Building off that reaction. They make some more phone calls and ask people “do you need help with your internal communication?”
In other words, entrepreneurs are not committed to the plan (starting a PR firm); they are committed to the goal (in this case, “starting a business of my own that would be fun and successful”).
They continue taking small steps toward (the new) goal of starting an internal communication consulting firm in this case until they have what they want (the business is underway) or they decide they don’t want it (“yes, I probably could make a living doing internal consulting, but geesh I think it is going to be boring, so I will pass”); or they find that they want something else instead.
But again, at no point have they ever risked more than they could afford to lose.
That’s one wonderful thing about this approach. Here are two others:
First, if you are going to fail (you wanted to start that PR firm but no one was interested) you fail quickly and cheaply. You have wasted either a lot of time or a lot of other resources discovering that your new idea simply won’t work. That means:
Second, you get more turns up at bat. Investing hundreds of thousands in starting the PR firm the traditional way would have eaten up lots of your resources and who knows if you would ever have a chance to try a second idea.
That is no small point. Not surprisingly, the number one source of funding for new business is personal funds. If you use up all your money trying to get your first venture off the ground, there may not be a venture number two. At best, it could take you years to gain enough money to launch another company. And if you are trying to get a new idea off the ground inside a large organization, and fail to do so consuming a large amount of resources in the process, your chances of getting a second bite at the apple are small. Corporations are not in the business of
rewarding failure, especially expensive failures. If you take one mighty swing and miss, you are likely to find yourself in charge of “special projects,” or being unemployed.
Finally, if you seeking outside investors, one of the very first questions they are likely to ask is “tell me about your last attempt to start something new.” If it was a costly failure, they are likely to keep their checkbook closed. Investors want to see a proven track record of success and they always want to know that you are going to be very careful with their money.
Taking the approach that entrepreneurs do, one that keeps potential losses to a minimum, allows you try another idea, should the first one not work out.
Sounds like a better approach to us, one that is grounded in the real world.
Solving the Egg Head Dilemma
There is another huge advantage about this approach. If you fail—your idea for that communication firm doesn’t work out—it isn’t as devastating emotionally.
Another example will show you why. Say you really want to open a restaurant. You could research the market forever; spend months putting together the perfect team; spend more time gathering the investors you will need who can come up with the $2 million or so that it is going to take to get underway. And, eventually, you will open the doors to Chez Me.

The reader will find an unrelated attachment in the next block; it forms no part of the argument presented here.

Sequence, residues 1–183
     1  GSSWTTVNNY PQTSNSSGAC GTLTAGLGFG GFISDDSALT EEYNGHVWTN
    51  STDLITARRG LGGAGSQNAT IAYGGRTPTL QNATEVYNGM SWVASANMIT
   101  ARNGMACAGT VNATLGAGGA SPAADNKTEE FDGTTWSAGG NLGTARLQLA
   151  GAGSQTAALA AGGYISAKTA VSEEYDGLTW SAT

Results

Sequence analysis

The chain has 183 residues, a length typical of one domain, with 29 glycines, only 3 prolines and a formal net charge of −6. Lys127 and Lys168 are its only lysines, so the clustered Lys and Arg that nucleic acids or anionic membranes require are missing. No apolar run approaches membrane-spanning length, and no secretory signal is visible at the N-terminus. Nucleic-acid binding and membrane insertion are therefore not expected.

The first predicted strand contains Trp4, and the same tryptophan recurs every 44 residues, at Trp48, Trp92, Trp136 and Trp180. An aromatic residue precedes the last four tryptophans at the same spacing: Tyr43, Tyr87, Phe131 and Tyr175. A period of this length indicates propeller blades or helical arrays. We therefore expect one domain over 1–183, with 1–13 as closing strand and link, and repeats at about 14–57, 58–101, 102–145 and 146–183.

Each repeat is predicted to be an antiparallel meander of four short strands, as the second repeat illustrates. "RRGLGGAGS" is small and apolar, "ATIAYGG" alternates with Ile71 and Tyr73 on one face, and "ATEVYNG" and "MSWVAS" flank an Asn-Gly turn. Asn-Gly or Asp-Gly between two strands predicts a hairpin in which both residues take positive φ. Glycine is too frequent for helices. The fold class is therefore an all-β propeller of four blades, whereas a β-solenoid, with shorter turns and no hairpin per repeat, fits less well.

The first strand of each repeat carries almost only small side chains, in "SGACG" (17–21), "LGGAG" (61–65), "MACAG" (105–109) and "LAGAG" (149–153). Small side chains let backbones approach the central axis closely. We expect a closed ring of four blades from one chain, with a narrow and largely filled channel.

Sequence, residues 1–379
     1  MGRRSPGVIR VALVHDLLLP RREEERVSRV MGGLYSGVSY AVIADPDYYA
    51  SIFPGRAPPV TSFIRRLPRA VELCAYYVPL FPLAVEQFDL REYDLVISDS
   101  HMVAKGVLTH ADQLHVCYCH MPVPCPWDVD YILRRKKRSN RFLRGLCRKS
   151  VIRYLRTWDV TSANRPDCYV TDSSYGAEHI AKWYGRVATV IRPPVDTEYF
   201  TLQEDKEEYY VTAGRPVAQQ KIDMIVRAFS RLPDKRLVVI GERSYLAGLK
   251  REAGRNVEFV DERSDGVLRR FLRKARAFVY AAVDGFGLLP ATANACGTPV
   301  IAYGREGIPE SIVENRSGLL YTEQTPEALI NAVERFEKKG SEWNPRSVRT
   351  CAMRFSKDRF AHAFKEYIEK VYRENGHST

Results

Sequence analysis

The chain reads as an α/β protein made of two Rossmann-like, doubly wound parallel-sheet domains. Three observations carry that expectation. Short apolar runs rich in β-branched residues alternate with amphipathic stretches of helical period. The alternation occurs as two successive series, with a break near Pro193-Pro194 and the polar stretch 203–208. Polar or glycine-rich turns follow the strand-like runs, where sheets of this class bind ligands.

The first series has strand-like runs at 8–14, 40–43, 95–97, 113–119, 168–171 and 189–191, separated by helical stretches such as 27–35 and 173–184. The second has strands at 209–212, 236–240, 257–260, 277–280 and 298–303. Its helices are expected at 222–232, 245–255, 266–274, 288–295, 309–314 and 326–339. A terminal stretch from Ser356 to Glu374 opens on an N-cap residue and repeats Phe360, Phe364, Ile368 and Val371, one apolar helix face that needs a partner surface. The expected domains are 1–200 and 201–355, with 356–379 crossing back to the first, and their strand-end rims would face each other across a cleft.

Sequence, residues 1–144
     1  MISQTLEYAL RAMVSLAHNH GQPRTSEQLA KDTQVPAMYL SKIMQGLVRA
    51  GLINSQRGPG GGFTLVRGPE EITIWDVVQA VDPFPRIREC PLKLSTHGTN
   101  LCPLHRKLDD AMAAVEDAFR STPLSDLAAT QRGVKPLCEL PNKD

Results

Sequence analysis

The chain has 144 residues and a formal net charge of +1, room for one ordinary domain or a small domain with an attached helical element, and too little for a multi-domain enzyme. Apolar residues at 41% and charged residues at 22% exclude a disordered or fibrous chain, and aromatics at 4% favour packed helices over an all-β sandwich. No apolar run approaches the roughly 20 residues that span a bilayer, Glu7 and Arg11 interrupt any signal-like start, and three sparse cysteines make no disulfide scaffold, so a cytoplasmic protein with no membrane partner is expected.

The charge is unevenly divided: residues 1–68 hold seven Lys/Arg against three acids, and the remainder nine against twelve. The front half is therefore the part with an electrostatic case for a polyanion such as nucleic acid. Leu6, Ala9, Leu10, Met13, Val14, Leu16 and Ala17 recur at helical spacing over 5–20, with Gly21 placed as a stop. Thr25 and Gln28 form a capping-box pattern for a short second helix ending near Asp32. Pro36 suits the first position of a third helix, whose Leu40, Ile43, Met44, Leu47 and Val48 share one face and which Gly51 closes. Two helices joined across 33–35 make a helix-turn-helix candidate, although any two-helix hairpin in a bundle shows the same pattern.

Or, on the very day you think of opening the restaurant you can start asking potential customers what they think of your idea. (“Hey, if I open a high-end French place on Fifth and Main, do you think you would give us a try?”)
You learn from that small step. People tell you there are an awful lot of great restaurants in that area—including a fabulous French one—and they are not sure that section of town needs another.
At that point you could simply give up, or head in another direction. (“Everyone told me there is probably not a market for an upscale French restaurant, but they were intrigued by the idea of “gourmet take-out. Hmmmm.”)
Either way, you learned quickly. And even if you “failed,” i.e. you decide not to open either the restaurant or the gourmet take-out, you did so quickly and at little cost.
That means you have the resources to try again—something that the person who raised (and wasted) that $2 million might not be able to say. If they meet someone who says, “I haven’t seen you around for the last couple of years. What have you been doing?” The answer to that question is devastating emotionally (and having to face all those investors who provided funding is no walk in the park either.
With all deference to business professors everywhere, that is not the kind of failure you want to have. If you have to fail, you want to fail quickly and cheaply. That’s our first takeaway from this.Let me give you three others.
1 | Don’t reinvent the proverbial wheel. You don’t need to learn everything the hard way. That is especially true when it comes to learning ways to becoming more resourceful and moving faster. Serial entrepreneurs—people who have created two or more successful companies— have a proven approach to creating innovation and opportunity. The approach that has worked for them will work for you, no matter what you do for a living. It doesn’t matter if you work for a large organization or are just striking out on your own. Try it, you’ll see.
2 | Despite the myths, the best entrepreneurs take small steps—not giant leaps—as they go about creating something new; they work with others and are extremely receptive to feedback and suggestions. The stories about the lone wolf who insists on doing everything on her own and in her own way despite market feedback is exactly that. A story. If you want to avoid failing, and serial entrepreneurs do, you consider every good idea.
3 | The formula the best entrepreneurs follow is: Act. Learn. Build. Repeat. Try it and prosper.